Trump is on collision course with international law over Crimea
While Carter Page is still officially dubbed a former Trump adviser, and also has no official status at present, Duncan Hunter is a current Republican congressman, one of the first to have publicly endorsed Trump. As a person who has supported lethal military aid to Ukraine, it is telling that in in December he all but suggested that such aid could come with a condition – that Ukraine ‘accept’ the Russian-imposed status quo on Crimea.
It is also indicative how closely Hunter’s style of speaking echoes Trump’s. “"What we want to do is we want to arm the Ukrainians not with just night-vision goggles and uniforms," Hunter said. "We want to give them anti-tank weapons. We want to give them anti-air weaponry, anti-drone, counterartillery stuff”. "Do the Ukrainians want the United States to invade Crimea?” Hunter said. “It is not a possibility. So, what’s the answer? If Russians are not willing to leave Crimea but they are willing to leave the east of Ukraine, is that a bad thing? What do the Ukrainian people want?”
Just for starters, they want the USA to remember that Russia carried out the first annexation since Adolf Hitler’s annexation of Austria in 1938, an act of aggression which has seriously rattled Russia’s NATO neighbours, especially the small Baltic Republics and posed the greatest threat to European stability since WWII. The USA is committed as are other countries to abide by thewhich called on all countries to not recognize Russia’s occupation. America is, in fact, much more committed via the 1994 Budapest Memorandum which guaranteed respect for Ukraine’s territorial integrity in exchange for giving up one of the largest nuclear arsenals in the world. Russia may have trampled upon its commitments through its military aggression in 2014. There is no reason for the USA to follow suit.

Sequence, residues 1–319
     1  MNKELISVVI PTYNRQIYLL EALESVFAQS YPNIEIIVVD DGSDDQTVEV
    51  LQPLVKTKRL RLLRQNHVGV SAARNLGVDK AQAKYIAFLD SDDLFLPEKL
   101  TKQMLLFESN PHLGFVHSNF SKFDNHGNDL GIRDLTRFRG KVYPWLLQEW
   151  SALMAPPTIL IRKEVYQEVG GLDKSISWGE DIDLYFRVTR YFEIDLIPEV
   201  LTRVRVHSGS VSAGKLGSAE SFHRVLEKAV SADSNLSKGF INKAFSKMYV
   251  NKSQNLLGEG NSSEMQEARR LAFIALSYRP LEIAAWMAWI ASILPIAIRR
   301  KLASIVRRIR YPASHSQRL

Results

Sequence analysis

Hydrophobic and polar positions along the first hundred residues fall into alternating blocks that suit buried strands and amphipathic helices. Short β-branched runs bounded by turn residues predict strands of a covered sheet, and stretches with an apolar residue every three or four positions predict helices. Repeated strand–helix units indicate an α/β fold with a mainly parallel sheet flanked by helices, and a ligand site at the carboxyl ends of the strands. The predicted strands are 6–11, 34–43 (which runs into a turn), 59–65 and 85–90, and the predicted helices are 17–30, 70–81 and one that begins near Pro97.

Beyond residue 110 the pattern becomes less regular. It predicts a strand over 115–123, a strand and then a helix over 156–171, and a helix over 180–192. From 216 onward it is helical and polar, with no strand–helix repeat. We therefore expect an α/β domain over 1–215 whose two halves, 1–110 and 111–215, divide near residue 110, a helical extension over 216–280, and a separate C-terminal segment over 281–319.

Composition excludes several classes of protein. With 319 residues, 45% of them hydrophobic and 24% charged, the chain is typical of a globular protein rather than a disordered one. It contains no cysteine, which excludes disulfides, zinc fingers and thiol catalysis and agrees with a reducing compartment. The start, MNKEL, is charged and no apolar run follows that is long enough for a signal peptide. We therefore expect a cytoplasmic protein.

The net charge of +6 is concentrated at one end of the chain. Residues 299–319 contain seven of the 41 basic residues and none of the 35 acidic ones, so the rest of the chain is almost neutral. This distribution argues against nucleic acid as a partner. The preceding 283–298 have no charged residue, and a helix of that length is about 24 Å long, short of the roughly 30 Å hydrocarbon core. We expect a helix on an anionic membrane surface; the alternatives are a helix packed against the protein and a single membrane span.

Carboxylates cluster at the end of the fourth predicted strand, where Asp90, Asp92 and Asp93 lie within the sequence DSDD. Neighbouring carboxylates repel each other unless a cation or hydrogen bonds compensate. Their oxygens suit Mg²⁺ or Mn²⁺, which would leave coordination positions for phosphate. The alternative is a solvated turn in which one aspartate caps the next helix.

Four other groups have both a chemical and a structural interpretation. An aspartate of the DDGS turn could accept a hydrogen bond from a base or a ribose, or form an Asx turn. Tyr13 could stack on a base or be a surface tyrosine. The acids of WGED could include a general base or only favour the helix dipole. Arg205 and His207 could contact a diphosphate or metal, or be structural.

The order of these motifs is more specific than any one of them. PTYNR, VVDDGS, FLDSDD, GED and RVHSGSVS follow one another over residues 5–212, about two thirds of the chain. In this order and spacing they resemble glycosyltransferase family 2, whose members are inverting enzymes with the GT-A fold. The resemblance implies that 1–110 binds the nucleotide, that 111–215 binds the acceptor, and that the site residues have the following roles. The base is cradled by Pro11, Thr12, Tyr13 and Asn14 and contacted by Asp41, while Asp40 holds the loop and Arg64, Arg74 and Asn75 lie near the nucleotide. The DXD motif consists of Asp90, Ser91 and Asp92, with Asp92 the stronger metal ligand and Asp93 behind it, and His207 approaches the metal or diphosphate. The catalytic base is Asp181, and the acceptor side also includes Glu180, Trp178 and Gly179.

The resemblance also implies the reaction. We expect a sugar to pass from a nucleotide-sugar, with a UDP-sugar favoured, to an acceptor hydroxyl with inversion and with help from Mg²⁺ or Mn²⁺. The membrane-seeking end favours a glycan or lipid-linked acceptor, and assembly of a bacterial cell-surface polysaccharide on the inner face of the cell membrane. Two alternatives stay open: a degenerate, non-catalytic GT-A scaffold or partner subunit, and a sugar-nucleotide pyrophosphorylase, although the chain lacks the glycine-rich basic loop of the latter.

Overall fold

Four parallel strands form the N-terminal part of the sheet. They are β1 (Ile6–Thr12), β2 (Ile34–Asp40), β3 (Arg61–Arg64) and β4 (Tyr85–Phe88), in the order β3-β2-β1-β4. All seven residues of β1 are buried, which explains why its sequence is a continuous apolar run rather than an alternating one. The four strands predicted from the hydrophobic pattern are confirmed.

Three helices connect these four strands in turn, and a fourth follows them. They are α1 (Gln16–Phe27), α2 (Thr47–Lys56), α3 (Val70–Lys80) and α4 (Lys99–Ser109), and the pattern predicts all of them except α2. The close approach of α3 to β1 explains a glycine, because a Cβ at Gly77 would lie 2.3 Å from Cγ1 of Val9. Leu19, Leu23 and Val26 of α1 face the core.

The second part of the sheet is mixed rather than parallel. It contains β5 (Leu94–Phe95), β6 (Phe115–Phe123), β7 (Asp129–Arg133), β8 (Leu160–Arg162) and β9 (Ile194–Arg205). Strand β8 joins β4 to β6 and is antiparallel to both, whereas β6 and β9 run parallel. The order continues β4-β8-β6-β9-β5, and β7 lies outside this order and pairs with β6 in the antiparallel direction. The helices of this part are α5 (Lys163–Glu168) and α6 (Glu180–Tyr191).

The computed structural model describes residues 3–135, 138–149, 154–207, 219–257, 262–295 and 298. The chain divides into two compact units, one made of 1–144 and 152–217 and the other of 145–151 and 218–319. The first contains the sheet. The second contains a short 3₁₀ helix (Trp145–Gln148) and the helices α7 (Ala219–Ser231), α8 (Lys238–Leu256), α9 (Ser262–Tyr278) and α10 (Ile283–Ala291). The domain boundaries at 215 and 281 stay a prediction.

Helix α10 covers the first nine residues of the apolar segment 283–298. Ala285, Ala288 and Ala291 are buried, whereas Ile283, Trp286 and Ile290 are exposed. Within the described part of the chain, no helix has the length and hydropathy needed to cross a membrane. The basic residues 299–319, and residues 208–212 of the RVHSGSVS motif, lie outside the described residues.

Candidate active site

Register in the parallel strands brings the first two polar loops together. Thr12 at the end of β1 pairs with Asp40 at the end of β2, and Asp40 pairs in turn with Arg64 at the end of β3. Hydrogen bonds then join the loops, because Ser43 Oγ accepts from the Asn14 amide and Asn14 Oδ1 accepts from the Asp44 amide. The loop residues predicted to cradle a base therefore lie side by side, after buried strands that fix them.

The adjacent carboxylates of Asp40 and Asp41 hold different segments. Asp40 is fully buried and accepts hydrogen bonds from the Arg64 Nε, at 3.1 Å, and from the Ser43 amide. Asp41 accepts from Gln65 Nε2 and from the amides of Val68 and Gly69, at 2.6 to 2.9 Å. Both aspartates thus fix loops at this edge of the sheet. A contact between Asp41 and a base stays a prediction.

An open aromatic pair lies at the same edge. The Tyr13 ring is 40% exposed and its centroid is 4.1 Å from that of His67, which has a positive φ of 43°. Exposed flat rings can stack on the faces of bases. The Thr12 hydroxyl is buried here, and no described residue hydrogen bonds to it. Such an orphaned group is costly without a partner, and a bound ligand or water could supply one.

Hunter, echoing earlier statements from Trump,. “We can arm Ukrainians so that they’re ready for the worst scenario but at the same time make certain concessions to Russia and be friendly with them”. Hunter also told Voice of America that the USA would be ready to give up Syria in exchange for a cessation of Russian aggression in Europe.
Hunter does not clarify how the USA should “give up” Syria when Russia, together with the regime of Bashar al-Assad, is accused, and with cause, of bombing civilians and other war crimes.
The noises made by Trump himself and by his people in Moscow in early December make the ‘deal’ on Ukraine clear enough, albeit lacking in any transparency. The USA is given carte blanche to remove sanctions and improve relations with Russia because Ukraine falls silent over Russia’s occupation of Crimea in exchange for help in fighting Russian aggression in Eastern Ukraine.
What a ‘deal’ allowing the removal of sanctions would personally give Trump’s choice for Secretary of State Rex Tillerson and quite possibly Trump himself is calculable. What it will give America is not.
There is no reason to believe that Russian President Vladimir Putin would hold to his agreement and no realistic way for America to hold him to it. Probably the contrary. The zeal with which certain Republicans and Trump’s people are seeking to please Putin suggest behind-the-scene dealings that would make them highly vulnerable to exposure.